A Definition of Madness…

You Don’t Learn From Experience…

When you run your own business you get into a groove.  With small business marketing, your groove becomes a track that you are stuck in.  It’s not written down anywhere, but you do the same things in the same way every time. If your groove is going in the same direction as your goals, that’s great.  But I’ll bet it’s not…

Brian’s In Denial

Brian runs a small business here in Cambridgeshire.  We’ve known each other for a few years.  Recently we were discussing small business marketing ideas and he told me his radio advertising has been great for lead generation.

As we talked, we looked at his customer information system to see exactly how many customers had come from his radio spots.  From his own data, it was obviously not cost-effective.  His radio advertising campaign was costing him thousands and only making hundreds in return. 

Yet Brian persisted in his belief that this was the best way to bring in new business.  He then started to justify himself by explaining that his own data must be wrong.

From his own data, the bulk of Brian’s new business comes from word of mouth marketing and referrals, which do a great job for him.  When he explained this away by pointing out that radio ads reminded people to come back to him, his pride had taken over from logic and his business was being run from the groove rather than his head.

Common Sense Bludgeoned Into Submission

Even though the data was right in front of his eyes, Brian bludgeoned my rational argument into submission through brute force of emotion.  His denial of the figures from his own systems was a brilliant example of emotion beating logic. 

Until he wakes up to the facts, he will hold his small business back forever.  On the bright side, his business gives good service and so will probably keep growing gradually thanks to word of mouth.  In fact, in a year or two I’m sure he’ll tell me how brilliant it is that he’s added another 20% to his profits since we last spoke. 

At least that will serve to stroke his ego and support his position about radio advertising

On the other hand, his goal of expanding into more sites will be held back because he worries about getting enough new customers for them.  The groove he’s in does not lead him to his goals, but it’s more comfortable than trying to get out of it…

Business Madness

This brings me to my definition of madness, “Madness is when you keep doing the same things, over and over again, while expecting to get different results”.  Brian spends thousands on radio ads to make hundreds from new customers.  He’s a small business and this is just plain wrong.

It’s easy to see the futility of his behaviour, yet Brian persists because he doesn’t want to change his actions or beliefs.

In the end, it comes down to comfort zones.  Brian finds it easier to say “no marketing works better than this” instead of asking “how can I get a better response?”.  We get comfortable with the bit we know and hang onto it like a rock in a stormy sea.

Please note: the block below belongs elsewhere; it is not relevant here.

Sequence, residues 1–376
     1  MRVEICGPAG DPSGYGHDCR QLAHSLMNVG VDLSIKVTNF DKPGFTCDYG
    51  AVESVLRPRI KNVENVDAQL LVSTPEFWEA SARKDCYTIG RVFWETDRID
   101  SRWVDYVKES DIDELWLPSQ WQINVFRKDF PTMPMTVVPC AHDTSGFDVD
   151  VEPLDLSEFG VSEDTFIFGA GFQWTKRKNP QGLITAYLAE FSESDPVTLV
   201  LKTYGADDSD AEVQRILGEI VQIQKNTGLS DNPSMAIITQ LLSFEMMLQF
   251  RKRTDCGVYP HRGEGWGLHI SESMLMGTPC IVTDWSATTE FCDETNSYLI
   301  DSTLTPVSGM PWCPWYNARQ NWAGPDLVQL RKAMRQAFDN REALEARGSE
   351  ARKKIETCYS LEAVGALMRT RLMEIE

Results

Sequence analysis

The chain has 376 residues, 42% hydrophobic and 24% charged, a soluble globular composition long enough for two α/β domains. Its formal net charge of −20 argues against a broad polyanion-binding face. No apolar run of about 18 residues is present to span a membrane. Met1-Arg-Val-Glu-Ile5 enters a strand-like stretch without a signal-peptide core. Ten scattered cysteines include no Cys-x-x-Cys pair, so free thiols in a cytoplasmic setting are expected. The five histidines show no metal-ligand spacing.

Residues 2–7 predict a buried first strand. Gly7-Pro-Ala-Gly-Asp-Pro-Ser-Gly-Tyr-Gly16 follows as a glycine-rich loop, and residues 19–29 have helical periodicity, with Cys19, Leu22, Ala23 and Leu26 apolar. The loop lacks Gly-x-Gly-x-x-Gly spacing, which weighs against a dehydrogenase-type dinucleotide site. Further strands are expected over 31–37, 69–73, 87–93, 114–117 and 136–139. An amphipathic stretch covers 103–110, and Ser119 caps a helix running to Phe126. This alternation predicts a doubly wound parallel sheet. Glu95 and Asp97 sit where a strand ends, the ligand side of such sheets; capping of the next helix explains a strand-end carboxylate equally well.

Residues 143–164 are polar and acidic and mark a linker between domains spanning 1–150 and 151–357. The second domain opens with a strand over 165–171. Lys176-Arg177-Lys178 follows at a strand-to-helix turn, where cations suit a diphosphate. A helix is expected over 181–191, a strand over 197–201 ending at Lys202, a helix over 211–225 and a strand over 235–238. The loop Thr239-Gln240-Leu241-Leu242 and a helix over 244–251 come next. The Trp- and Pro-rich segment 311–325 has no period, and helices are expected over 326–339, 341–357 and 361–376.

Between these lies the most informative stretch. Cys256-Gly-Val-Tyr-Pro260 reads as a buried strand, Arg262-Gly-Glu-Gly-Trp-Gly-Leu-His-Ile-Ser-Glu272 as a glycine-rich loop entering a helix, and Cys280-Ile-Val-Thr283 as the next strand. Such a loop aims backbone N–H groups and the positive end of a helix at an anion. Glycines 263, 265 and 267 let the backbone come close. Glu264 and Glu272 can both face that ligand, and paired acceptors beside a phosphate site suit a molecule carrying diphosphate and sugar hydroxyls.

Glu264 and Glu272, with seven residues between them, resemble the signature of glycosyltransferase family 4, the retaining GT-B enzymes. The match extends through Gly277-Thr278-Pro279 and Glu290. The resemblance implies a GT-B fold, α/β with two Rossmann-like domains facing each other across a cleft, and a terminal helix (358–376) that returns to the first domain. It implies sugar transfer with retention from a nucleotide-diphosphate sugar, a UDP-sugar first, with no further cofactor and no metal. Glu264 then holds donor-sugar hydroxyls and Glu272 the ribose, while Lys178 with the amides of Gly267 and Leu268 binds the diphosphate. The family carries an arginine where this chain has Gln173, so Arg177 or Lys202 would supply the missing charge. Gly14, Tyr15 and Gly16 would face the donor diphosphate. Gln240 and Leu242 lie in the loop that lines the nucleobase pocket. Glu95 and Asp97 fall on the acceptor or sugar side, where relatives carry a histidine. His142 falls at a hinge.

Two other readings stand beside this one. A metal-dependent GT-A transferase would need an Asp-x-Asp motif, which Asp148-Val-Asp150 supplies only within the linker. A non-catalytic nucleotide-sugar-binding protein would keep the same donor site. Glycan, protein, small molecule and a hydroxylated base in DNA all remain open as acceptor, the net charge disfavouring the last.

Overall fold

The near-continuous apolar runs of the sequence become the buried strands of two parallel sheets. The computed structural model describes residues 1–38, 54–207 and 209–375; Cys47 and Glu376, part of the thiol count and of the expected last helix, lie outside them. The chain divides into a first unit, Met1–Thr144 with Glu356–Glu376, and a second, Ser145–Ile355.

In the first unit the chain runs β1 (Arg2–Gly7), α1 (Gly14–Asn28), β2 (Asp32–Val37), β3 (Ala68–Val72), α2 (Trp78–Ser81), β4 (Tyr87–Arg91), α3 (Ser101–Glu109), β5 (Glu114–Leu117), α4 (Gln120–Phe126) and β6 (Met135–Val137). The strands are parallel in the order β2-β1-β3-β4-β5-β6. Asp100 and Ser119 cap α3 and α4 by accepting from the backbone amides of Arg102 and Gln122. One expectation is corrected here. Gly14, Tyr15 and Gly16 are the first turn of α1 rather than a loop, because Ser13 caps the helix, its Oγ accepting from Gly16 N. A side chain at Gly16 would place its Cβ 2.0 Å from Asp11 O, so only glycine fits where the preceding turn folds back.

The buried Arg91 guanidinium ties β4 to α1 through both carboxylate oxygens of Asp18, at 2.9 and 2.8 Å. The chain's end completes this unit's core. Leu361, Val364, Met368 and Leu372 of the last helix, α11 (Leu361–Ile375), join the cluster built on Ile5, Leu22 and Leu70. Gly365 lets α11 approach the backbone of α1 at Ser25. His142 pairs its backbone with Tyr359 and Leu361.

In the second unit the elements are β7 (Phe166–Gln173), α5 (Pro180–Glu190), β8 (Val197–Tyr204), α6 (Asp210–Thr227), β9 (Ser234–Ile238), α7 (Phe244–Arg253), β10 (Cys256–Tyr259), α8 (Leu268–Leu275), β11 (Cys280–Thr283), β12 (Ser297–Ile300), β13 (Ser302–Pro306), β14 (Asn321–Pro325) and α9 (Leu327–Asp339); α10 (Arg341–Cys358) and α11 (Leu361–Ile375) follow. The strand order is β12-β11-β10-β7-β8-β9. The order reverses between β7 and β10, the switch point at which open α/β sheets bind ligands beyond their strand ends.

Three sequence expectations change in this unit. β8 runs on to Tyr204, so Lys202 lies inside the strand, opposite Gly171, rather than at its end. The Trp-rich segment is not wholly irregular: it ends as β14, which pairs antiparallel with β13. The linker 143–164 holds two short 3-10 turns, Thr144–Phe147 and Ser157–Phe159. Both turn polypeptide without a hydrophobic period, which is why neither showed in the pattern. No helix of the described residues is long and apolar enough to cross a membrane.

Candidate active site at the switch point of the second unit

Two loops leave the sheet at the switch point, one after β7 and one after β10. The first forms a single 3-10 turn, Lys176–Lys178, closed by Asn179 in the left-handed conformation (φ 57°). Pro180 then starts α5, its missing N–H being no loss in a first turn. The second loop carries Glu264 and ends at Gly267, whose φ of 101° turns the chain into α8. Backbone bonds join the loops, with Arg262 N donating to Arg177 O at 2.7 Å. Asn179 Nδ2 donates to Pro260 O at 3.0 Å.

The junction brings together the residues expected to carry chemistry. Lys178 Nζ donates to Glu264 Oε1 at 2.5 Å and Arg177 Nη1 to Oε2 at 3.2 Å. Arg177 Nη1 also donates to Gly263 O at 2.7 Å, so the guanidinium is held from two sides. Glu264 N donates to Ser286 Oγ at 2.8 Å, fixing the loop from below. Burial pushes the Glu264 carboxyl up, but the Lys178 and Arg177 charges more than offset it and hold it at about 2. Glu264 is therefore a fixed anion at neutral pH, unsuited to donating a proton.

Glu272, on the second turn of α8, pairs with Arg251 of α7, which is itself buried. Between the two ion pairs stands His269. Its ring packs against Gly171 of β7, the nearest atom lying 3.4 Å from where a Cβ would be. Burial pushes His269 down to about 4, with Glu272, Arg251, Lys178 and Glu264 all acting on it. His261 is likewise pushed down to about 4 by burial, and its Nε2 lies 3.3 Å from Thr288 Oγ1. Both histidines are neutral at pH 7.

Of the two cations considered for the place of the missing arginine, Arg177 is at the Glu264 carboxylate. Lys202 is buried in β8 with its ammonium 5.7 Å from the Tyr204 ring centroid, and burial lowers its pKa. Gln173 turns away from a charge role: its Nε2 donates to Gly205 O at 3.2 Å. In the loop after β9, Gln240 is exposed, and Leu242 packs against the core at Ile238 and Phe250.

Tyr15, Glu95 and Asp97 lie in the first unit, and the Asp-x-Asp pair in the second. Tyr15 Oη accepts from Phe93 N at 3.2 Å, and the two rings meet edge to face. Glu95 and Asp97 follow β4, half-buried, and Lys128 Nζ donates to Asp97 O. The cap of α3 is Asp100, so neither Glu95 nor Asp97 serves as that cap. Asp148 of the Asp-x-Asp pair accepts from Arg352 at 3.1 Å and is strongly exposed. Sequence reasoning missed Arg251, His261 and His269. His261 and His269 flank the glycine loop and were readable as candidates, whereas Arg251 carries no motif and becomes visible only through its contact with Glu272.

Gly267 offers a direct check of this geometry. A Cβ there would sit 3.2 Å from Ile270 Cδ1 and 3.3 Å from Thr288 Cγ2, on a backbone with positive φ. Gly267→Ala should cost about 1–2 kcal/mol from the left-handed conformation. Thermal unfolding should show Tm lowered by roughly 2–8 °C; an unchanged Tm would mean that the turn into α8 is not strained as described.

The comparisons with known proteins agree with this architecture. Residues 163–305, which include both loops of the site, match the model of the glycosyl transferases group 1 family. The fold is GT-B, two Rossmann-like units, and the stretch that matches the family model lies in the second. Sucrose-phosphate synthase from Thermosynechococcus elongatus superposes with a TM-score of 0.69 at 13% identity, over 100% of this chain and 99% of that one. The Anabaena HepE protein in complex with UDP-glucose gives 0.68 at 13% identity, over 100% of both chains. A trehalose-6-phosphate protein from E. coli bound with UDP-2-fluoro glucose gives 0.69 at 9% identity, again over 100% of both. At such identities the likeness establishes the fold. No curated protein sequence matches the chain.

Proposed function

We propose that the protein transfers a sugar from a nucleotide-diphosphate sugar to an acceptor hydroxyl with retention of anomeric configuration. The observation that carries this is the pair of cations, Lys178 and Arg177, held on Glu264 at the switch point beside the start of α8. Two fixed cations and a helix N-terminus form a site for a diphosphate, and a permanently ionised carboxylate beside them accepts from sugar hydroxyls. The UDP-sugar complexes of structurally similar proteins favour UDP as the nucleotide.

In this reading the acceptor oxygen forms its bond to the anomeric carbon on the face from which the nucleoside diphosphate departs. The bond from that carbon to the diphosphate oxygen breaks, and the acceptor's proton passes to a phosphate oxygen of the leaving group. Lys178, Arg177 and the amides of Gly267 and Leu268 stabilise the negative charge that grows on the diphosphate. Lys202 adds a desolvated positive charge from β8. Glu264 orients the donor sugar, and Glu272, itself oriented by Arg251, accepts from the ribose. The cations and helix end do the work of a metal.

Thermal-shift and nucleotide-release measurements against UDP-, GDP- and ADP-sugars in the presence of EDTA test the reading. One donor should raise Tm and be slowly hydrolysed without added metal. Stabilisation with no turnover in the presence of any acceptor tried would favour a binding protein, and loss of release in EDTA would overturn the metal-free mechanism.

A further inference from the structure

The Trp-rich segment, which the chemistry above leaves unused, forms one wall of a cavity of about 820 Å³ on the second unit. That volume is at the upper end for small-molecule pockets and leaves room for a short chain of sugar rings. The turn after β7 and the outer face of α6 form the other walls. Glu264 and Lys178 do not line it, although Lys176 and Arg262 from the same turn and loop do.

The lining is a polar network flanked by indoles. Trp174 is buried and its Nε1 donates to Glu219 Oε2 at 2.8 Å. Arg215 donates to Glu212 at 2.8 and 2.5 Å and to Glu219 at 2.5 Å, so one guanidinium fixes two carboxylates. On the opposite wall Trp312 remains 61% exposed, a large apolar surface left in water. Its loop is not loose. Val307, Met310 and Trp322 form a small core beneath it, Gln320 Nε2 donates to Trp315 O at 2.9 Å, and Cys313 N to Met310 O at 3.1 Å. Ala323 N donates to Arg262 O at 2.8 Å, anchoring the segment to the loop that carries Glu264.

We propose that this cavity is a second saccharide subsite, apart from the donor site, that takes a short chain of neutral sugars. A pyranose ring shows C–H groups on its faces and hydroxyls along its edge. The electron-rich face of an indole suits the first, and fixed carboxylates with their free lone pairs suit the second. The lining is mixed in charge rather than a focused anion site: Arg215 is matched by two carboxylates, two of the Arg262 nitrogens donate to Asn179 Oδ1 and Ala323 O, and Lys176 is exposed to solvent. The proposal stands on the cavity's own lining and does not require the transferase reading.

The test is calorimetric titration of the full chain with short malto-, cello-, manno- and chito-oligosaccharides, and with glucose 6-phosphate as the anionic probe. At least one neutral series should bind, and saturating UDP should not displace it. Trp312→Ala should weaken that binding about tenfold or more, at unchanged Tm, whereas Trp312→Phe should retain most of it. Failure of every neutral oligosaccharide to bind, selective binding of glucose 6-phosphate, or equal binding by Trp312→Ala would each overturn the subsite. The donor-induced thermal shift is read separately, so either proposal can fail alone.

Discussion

If Brian wants to get different results, his first step is to get out of his groove – more like a wartime defensive trench – and get curious instead. 

I love the idea of approaching problems with the curiousity of a small child.  That open-minded, inquisitive state that makes childhood learning so powerful is precisely the same thing that can get you amazing new results in your business.

Hundreds Of Small Business Marketing Ideas

There are hundreds of different ways to generate leads for your small business.  You’ve just got to get out of your comfort zone and become curious.  Try new things and measure the results.  Keep learning and working on it until you get a breakthrough.

Once you understand something, it stops being boring and becomes “common sense” instead.

Don’t let your pride get in the way of your profits.

If you have an open mind and want to learn to grow your business, perhaps a small business marketing coach would be a useful investment to make…


  1. radio_lounge on July 28th, 2008 at 6:43 pm

    Great article. I whole heartedly understand. I will say that Brian should not have been put in that situation. Shame on the radio station for continuing to take his money. As a business owner he should have looked at the data carefully. He should have known it wasn’t working and he and the person who sold him the radio advertising should have figured out a way to make it work.

    M. Bruce Abbott
    Creative Director/Partner
    Radio Lounge

  2. Lee on July 29th, 2008 at 5:40 pm

    Hi Bruce,

    Thanks for your thoughts – I would agree with you entirely – I think the problem is that we post-rationalise a lot of things, so that whatever the data says, we avoid feeling stupid by telling ourselves that it’s worked anyway.

    I think the way that some marketing is sold is very heavy-duty. Yellow Pages sales people have a particularly bad reputation for driving up your spend with little or no evidence of the ad working.

    Like in every situation where you are buying something, the saying caveat emptor comes to mind, “let the buyer beware”.

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